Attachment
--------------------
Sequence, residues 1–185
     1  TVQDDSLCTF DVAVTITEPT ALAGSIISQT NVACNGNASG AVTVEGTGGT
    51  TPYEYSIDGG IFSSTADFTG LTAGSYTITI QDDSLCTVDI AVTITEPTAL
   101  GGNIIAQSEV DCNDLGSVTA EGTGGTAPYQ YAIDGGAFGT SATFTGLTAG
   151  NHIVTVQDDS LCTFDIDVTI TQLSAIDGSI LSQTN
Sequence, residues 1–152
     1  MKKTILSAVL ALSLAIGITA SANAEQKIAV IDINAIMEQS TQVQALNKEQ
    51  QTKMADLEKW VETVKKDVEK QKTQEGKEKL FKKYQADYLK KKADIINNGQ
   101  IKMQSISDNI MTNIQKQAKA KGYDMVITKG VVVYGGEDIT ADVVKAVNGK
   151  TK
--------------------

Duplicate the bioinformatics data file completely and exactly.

Sequence, residues 1–185
     1  TVQDDSLCTF DVAVTITEPT ALAGSIISQT NVACNGNASG AVTVEGTGGT
    51  TPYEYSIDGG IFSSTADFTG LTAGSYTITI QDDSLCTVDI AVTITEPTAL
   101  GGNIIAQSEV DCNDLGSVTA EGTGGTAPYQ YAIDGGAFGT SATFTGLTAG
   151  NHIVTVQDDS LCTFDIDVTI TQLSAIDGSI LSQTN
Sequence, residues 1–152
     1  MKKTILSAVL ALSLAIGITA SANAEQKIAV IDINAIMEQS TQVQALNKEQ
    51  QTKMADLEKW VETVKKDVEK QKTQEGKEKL FKKYQADYLK KKADIINNGQ
   101  IKMQSISDNI MTNIQKQAKA KGYDMVITKG VVVYGGEDIT ADVVKAVNGK
   151  TK